Tuesday, December 29, 2009

"9" DVD and Blu-Ray Available Now

You can now purchase the post-apocalyptic animated thriller 9 on DVD and Blu-ray. Click the previous links to buy the film at Amazon.com.

According to DVDTalk.com, DVD extras include:

Feature-length commentary track with director Shane Acker, animation director Joe Ksander, head of story Ryan O'Loughlin, and editor Nick Kenway.

U-Control PIP:
This picture-in-picture interactive feature takes recorded footage, some mentioned below in the special features and others recorded/taken at the same time, and pairs them within a green box at the lower-right portion of the screen. Interviews with Shane Acker, Tim Burton, Elijah Wood, Pamela Pettler, and others elucidate the process, while a sizable chunk of the dialogue recording footage mixes within raw concepts and behind-the-scenes footage.

9 -- The Long and Short of It (16:28, HD):
This feature discusses Shane Acker's process of assembling the short, and how it's adapted to the big screen. Discussion pops up about Acker's process of building the film as his college thesis, along with how earning an Oscar changed his life. It then shifts over into how the short film fell over into Tim Burton's hands as a producer. Then, Acker and screenwriter Pamela Pettler (Corpse Bride) guide us through the process of bridging that gap between his short to the feature length, as well as whether they wanted to include dialog or not in telling the story. Interview time crops up with Acker, Burton, Pettler, as well as with Elijah Wood and other members of the cast, taken from both original interviews and archive footage.

On Tour with Shane Acker (5:36, HD):
Shane Acker takes us through the Starz Animation workhouse for the construction of 9, illustrating each depart in great detail. He talks about editorials, the art department, modeling, animation, layout, effects work in "the dungeon", and lighting. Hearing discussion about the film itself is great, but the behind-the-scenes shots of the computer imaging and the concept sketches are the real draws to this featurette.

The Look of 9 (13:12, HD):

Composing the visual look for 9 falls into focus here, as Shane Acker and others discuss the time placement of the story. They discuss the "caution tale" elements of the film, as well as the Industrial Revolution look about the picture that slaps it in the middle between World War I and II. It also discusses the low-angle construction of the film, and how it allows for a lot of great up-glancing shots. They also discuss the beauty used behind the rust, garbage, and industrial grunge appeal to the film, and how the feel of the film reflects on its influences.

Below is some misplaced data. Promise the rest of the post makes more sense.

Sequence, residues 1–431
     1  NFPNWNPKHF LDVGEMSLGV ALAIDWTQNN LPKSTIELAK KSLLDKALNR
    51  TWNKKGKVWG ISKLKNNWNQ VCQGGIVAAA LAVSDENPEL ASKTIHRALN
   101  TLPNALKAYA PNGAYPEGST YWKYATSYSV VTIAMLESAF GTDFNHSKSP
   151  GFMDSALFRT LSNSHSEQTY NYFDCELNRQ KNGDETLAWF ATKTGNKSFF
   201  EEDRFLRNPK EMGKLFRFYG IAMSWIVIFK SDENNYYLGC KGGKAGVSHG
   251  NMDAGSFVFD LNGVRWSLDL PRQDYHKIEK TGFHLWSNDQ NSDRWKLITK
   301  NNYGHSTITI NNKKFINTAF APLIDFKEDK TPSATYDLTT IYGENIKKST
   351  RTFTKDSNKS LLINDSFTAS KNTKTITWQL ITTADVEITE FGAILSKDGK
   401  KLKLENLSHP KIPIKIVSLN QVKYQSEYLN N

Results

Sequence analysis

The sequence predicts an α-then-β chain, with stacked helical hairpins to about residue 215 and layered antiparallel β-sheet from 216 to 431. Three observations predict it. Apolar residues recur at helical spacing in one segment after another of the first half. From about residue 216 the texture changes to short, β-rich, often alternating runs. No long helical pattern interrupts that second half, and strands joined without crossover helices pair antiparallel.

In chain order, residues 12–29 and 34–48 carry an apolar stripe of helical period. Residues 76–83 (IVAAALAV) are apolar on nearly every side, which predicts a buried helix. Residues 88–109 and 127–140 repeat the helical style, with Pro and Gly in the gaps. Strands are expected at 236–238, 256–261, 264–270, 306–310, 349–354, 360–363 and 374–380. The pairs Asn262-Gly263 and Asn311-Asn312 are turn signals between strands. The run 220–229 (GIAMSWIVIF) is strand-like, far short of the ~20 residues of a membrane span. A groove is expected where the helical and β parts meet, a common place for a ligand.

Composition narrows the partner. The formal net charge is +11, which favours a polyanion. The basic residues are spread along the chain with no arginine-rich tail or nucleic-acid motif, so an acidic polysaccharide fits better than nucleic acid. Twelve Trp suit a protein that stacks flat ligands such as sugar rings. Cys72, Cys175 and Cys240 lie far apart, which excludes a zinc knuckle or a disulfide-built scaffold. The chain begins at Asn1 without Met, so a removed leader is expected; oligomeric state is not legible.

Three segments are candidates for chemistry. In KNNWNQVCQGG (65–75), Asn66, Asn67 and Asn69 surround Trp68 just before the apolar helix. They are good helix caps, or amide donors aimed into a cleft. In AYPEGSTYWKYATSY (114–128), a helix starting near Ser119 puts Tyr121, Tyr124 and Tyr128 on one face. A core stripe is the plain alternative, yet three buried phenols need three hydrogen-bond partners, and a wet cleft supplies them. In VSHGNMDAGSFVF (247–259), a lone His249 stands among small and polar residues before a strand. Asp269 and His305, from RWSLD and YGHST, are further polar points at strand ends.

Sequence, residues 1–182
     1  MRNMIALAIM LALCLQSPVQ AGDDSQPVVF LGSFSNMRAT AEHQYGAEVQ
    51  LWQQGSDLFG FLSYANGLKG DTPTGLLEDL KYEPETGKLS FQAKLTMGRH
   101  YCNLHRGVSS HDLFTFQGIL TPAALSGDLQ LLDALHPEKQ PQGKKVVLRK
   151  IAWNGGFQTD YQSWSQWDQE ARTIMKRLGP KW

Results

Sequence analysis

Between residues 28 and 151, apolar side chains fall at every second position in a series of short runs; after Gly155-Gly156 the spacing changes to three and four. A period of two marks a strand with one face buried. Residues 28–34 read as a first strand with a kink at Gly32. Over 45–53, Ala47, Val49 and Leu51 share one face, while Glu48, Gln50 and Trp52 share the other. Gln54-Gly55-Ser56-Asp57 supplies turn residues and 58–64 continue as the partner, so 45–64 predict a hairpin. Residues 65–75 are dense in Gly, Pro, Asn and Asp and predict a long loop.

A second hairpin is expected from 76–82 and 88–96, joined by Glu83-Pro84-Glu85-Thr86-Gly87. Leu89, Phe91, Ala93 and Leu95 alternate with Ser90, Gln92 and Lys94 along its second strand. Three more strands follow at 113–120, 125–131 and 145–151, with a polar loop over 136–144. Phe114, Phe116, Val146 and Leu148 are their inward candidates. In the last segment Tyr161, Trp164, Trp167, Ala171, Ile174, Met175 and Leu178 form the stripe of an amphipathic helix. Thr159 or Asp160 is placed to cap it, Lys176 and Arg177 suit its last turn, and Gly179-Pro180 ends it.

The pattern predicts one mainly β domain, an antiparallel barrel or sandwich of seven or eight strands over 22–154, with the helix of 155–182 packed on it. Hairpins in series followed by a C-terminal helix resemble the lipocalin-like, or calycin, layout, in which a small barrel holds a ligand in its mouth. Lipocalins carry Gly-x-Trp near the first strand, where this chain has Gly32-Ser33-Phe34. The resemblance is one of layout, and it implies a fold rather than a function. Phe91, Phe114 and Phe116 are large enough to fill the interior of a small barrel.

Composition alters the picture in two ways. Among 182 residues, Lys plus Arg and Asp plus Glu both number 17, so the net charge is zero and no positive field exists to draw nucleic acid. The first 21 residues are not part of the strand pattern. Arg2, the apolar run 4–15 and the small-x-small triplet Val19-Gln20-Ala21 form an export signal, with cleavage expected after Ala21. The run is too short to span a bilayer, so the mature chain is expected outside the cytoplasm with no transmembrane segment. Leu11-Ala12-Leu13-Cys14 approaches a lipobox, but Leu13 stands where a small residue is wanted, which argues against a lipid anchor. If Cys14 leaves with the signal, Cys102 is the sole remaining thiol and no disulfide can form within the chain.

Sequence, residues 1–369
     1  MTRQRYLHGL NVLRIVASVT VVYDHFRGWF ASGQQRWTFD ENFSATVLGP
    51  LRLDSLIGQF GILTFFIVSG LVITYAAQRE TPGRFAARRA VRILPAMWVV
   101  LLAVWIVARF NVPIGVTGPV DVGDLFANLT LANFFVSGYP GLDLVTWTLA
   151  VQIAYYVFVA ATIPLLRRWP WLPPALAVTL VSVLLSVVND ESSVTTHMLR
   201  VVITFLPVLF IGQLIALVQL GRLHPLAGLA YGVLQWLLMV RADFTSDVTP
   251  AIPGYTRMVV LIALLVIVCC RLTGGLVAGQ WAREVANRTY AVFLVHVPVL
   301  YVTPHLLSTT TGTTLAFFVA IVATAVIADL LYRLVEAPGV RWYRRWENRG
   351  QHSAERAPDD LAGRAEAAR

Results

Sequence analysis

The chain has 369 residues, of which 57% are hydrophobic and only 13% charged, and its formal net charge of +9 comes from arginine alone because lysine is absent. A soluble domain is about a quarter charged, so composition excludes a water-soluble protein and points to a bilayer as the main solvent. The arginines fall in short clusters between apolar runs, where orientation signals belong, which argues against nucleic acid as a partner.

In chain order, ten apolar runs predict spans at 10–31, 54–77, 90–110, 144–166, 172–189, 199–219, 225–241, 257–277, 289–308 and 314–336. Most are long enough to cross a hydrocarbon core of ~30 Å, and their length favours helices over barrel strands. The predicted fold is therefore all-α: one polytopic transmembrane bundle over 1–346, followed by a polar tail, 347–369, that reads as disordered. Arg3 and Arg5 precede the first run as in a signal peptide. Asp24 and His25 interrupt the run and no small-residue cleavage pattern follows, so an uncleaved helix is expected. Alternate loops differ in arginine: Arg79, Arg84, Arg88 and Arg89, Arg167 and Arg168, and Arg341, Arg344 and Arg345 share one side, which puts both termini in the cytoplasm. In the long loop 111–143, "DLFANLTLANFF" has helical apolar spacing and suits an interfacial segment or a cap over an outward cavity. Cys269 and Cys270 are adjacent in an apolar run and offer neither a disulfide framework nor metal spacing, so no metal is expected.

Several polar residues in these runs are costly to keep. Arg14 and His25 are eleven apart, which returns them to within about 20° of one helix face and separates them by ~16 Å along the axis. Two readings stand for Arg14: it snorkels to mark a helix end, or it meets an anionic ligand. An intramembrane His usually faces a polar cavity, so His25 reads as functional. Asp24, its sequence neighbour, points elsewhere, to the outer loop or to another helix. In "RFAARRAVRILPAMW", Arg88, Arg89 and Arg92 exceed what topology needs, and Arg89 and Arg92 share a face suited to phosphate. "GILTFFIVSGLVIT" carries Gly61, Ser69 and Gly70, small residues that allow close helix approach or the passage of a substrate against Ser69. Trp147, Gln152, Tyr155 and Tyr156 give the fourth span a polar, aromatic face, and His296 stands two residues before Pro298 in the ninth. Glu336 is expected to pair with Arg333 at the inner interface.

Acting Out (4:54, HD):
To round out the featurettes, this piece covers how the animators become actors themselves as they construct the burlap dolls in the film. It discusses how they have mirrors at their desk to see facial expressions, and the dual uses behind having the recorded dialogue footage of the actors for both lip sync and emotion purposes.

9 -- The Original Short (10:33, Letterbox 4x3 HD):
As a very special treat, Universal have also included Shane Acker's original short on the disc -- with a commentary featuring Shane Acker and animator Joe Ksander. The commentary is very dense, as they discuss the differences between the two features -- where elements of the short went into the feature, the dynamics between the two puppets, the lack of dialogue, etc. -- and the entire "guerilla" feel to the camera movement. What's a shame is that it's a letterbox HD version of the short; and, since it's in 1080p, most Blu-ray players and internal zoom televisions can't zoom in on it. Still, the simple inclusion of the piece itself is absolutely wonderful.

Also included on this disc are five Deleted Scenes (7:24, 16x9 SD), available in striking storyboard illustrations. This Blu-ray Disc has also been activated in order to hop onto Universal's online framework, as well as containing pocketBLU interactivity. However, the online functions weren't active yet as of this testing. It's also been incorporated with Chapter / Bookmarking of "favorite scenes", like all of Universal's other discs, and activated with D-BOX motion control.

Thursday, December 24, 2009

New "Wonderland" Promo Art

This cut-out can be seen in some movie theaters today.

Click the image below for a high resolution version:

Wednesday, December 23, 2009

Wasikowska on "Wonderland"

Mia Wasikowska, the star of Alice in Wonderland, discussed her experiences working on the phantasmagorical film with the Los Angeles Times.